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Battle of Cynoscephalae

Battle of Cynoscephalae

For the earlier battle fought here, see Battle of Cynoscephalae (364 BC).
The Battle of Cynoscephalae was fought in Thessaly in 197 BC between the Roman army, led by Titus Quinctius Flamininus, and the Antigonid dynasty of Macedon, led by Philip V.

Flamininus, with his allies from the Aetolian League, was stationed at Thebes, and marched out towards Pherae in search of Philip, who was at Larisa. When Flamininus began his march to Larisa he had under his command about 32,500 to 33,400 soldiers. Besides the usual Roman troops and auxiliary units that would appear in any Roman army Flamininus's forces also included soldiers from the allied Aetolian League, light infantry from Athamania, mercenary archers from Crete, and elephants and Numidian cavalry from King Masinissa of Numidia. Philip had about 16,000 heavy infantry in phalanx formation, 2,000 peltasts, 5,500 light infantry from Illyria, Thrace, and Crete, and 2,000 cavalry for 25,500 troops overall. The two armies met near Pherae, and Philip's troops were defeated in a cavalry skirmish on the hills outside the city. Both sides then marched toward Scotusa in search of food, but out of sight of each other because of the hills.

During the march there was a heavy rainstorm, and the morning after there was a fog over the hills and fields separating both camps. Despite this, Philip resumed his march, and his troops became confused and disoriented, ending up on the Cynoscephalae hills. Flamininus sent out his cavalry, which engaged Philip's troops when they unexpectedly came upon the Macedonian camp. Flamininus sent 500 cavalry and 2,000 infantry as reinforcements, forcing Philip to withdraw further up the hill. The commander of Philip's mercenaries, Athenagoras, chased the Romans off the hill, and, having been told that they were fleeing in disorder, Philip reluctantly decided to move his troops, some 8,000 phalangites, into the field below the hill.

Flamininus positioned his troops on the field as well. He left his right wing in reserve, with his elephants in front, and personally led the left wing of light infantry against Philip. Flamininus joined with the reinforcements he had sent ahead earlier, and came up against the phalanx making up Philip's right wing. After the phalanx had repulsed the legions the first time, and forced them to withraw to rougher terrain, where it was hard for the phalanx to operate with their long spears, Philip had his pezhetairoi throw away their spears and fight with their swords. He repositioned his troops so that the line was twice as deep, and placed the cavalry and light infantry on the right wing.

Philip's right wing was now on higher ground than the Roman left, and was at first successful against them. His left wing and center, made up of another 8,000 phalangites, however were still disorganized and in marching position, so they had not even formed the phalanx yet, and Flamininus sent his elephants charging into them, routing them completely. After breaking through, one of the Roman tribunes took twenty maniples (a smaller division of the legion) and attacked the Macedonian right wing from behind. The Macedonians, although without their long spears, were still in phalanx formation and were unable to reposition themselves as quickly as the Roman maniples. Now surrounded by both wings of the Roman legion, they suffered heavy casualties and soon fled.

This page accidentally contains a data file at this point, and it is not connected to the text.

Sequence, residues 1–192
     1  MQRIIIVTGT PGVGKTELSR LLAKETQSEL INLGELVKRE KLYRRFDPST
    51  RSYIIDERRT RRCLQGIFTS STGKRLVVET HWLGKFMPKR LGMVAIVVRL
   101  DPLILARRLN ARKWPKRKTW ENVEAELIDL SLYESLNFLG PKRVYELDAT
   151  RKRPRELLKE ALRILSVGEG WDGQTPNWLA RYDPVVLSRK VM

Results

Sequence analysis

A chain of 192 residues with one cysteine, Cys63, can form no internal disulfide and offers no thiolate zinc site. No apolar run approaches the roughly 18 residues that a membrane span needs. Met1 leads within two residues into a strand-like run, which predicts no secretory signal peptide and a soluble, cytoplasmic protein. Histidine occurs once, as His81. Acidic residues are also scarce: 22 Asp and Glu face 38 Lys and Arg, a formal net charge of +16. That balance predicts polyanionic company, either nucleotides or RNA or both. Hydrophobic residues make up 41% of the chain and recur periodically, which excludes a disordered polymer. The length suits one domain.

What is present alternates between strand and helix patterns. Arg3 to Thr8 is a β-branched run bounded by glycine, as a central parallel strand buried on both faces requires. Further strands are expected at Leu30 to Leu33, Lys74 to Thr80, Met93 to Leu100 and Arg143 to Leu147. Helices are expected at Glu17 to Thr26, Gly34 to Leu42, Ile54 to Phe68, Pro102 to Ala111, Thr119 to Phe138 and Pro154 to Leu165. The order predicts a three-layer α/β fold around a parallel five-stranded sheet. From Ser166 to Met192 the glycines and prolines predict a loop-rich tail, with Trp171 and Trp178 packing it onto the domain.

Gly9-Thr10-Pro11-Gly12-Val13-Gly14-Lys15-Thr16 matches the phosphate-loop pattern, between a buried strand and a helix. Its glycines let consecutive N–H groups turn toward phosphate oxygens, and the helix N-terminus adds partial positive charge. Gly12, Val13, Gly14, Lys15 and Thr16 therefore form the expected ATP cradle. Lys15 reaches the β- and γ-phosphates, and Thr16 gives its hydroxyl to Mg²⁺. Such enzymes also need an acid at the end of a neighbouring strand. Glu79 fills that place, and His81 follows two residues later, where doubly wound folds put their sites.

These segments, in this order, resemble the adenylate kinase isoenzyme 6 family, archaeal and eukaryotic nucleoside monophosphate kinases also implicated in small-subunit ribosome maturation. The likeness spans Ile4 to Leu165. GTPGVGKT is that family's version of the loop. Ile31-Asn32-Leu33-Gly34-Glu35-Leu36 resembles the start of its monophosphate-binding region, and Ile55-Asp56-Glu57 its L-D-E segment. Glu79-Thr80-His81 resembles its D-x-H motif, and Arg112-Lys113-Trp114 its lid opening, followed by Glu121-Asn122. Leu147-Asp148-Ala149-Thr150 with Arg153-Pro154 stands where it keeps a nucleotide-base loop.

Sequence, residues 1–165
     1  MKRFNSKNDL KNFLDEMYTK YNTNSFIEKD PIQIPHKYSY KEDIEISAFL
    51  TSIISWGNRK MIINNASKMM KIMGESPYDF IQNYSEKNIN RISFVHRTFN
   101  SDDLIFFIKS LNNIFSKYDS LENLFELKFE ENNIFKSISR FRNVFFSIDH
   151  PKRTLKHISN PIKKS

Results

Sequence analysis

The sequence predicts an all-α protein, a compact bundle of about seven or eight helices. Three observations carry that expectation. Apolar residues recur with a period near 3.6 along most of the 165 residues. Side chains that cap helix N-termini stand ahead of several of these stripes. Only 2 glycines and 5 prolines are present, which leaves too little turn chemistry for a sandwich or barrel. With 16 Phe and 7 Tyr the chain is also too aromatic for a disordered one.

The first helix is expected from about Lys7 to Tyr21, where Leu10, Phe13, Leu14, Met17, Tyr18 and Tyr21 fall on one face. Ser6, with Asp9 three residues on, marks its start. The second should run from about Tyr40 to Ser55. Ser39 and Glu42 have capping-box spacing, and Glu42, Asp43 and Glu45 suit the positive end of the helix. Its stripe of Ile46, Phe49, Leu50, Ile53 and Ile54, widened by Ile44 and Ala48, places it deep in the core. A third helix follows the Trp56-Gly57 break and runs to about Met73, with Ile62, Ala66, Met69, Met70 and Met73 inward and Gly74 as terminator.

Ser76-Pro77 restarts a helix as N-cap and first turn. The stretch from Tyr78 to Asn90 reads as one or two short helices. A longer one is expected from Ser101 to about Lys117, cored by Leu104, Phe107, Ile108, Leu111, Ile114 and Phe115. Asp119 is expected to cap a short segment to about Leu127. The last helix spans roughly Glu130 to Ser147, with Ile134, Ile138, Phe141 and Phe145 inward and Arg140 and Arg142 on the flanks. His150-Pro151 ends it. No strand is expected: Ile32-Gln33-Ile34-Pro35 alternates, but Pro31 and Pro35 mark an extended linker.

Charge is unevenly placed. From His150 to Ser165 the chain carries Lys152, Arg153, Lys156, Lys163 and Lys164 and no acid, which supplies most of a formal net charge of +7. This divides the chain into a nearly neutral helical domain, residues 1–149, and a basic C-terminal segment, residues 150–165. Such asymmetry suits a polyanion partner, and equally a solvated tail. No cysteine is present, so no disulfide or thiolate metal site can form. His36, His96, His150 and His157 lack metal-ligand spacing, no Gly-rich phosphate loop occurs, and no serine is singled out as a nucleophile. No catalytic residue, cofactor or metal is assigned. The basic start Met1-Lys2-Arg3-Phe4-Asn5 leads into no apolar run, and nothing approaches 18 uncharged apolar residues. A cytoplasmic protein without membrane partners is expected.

After a brief pursuit, Flamininus allowed Philip to escape. According to Polybius and Livy, 5,000 Macedonians had been killed (although Livy states that other sources claim 32,000 Macedonians were killed). Flamininus also took 1,000 prisoners. The Romans lost about 2,000 men.

This Macedonian defeat marks the passing of imperial power from the successors of Alexander the Great to Rome. Along with the later Battle of Pydna, this defeat is often held to have demonstrated that the Macedonian phalanx, formerly the most effective fighting unit in the ancient world, was now obsolete, although in fact the phalanx was able to force the legions back and held their own with swords until twenty maniples fell upon their rear (due to the weak Macedonian flanks and the Roman elephants routing the disordered Macedonian left flank). In Alexander's day the phalanx had been given strong flank guards and significant cavalry forces to do much of the attacking, but in the intervening centuries these practices had been abandoned, leaving the phalanx vulnerable in the flanks. Although the peace that followed allowed Philip to keep his kingdom intact as a buffer state between Greece and Illyria, Flamininus proclaimed that the Greek states formerly under Macedonian domination were now free. Philip also had to pay 1,000 talents to Rome, as well as disband his navy and most of his army. He also had to send his son to Rome as a hostage.

Literature

  • N.G.L. Hammond, "The Campaign and Battle of Cynoscephalae in 197 BC" in Journal of Hellenic Studies 108 (1988)

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